Corsham Court, a Saxon Royal Manor and home of the Methuen Family, is based on an Elizabethan house dating from 1582. It was bought in the mid-18th century to display Sir Paul Methuen’s celebrated collection of 16th and 17th century Old Master paintings. The intricate plasterwork in the 72ft long Picture Gallery, designed by Capability Brown, is mirrored in the pattern of the carpet. This room, along with the other State Rooms, still retain their original damask wall hangings as well as furniture designed by Chippendale.
This year marks the 300th anniversary of the birth of Lancelot ‘Capability’ Brown, a designer who changed the national landscape and created a style which has shaped people’s picture of the quintessential English countryside. Capability Brown was commissioned to work on Corsham Court in 1760, at the height of his career and re-modelled the house and grounds.
He created a ha-ha, a “Great Walk”, (a one mile long path) with trees planted along its length), planted numerous trees including Cedars and the Oriental Plane, which is now huge. Other features included the construction of a gothic bath house, which, though well-hidden, can still be found in the grounds, and an orangery in the gardens (since demolished).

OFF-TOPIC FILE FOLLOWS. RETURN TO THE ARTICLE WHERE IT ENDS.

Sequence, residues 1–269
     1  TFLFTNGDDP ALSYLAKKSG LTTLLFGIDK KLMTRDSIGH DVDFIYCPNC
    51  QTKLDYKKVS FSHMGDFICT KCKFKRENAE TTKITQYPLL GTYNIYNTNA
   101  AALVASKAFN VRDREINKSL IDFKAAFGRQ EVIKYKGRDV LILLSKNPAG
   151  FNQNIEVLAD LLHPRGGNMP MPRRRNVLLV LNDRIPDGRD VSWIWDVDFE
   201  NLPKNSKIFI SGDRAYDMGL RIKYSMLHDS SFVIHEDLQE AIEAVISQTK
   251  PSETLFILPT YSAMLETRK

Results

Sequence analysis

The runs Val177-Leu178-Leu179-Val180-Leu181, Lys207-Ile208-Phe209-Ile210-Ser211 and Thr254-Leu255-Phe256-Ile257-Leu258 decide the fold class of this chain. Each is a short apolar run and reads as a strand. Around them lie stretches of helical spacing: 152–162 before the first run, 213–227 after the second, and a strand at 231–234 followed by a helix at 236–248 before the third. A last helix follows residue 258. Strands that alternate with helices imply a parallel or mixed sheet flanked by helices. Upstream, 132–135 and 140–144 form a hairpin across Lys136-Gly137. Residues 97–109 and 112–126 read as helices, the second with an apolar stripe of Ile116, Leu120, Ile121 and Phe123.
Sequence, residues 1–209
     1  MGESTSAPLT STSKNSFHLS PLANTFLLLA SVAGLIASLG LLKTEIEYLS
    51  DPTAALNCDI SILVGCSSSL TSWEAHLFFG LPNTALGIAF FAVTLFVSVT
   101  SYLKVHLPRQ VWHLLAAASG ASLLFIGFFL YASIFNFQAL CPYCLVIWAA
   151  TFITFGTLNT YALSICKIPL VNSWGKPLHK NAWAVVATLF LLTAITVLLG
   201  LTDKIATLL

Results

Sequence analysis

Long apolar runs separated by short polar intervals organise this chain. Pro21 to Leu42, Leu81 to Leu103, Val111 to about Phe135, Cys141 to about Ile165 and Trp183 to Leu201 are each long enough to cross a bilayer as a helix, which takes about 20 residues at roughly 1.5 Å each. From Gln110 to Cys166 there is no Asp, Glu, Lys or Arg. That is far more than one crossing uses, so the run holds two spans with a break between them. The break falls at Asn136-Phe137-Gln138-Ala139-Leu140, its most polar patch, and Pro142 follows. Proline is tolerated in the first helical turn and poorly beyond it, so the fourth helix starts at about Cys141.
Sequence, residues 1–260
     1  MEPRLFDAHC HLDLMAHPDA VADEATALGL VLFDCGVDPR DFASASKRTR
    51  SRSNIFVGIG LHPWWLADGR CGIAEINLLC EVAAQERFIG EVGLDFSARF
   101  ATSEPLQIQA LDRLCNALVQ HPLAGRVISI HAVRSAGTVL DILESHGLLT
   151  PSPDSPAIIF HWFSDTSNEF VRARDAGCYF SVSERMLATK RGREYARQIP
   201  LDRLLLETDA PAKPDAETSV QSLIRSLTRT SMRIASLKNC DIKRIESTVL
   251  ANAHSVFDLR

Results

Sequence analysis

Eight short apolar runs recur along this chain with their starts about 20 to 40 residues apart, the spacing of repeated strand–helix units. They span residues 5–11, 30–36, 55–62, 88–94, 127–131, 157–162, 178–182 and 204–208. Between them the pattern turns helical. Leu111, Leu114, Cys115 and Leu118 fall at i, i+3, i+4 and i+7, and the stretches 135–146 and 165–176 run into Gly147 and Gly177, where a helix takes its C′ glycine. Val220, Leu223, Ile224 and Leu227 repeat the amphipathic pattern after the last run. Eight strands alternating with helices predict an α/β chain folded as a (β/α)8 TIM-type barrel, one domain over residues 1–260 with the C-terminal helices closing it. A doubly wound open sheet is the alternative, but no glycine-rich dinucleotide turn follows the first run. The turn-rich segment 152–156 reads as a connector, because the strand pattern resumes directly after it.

There is plenty to see at Corsham Court. The large lawns fan out in front of you with fine specimens of ornamental trees surrounding the Elizabethan mansion. There is a beautiful lily pond with Indian bean trees and a young arboretum topped off with a breathtaking collection of magnolias to complete this wonderland paradise. Surrounding the Court are the stunning gardens and parkland, also designed by Capability Brown, and a 13-acre lake. Much of the neighbouring parkland is open for dog walkers all year round.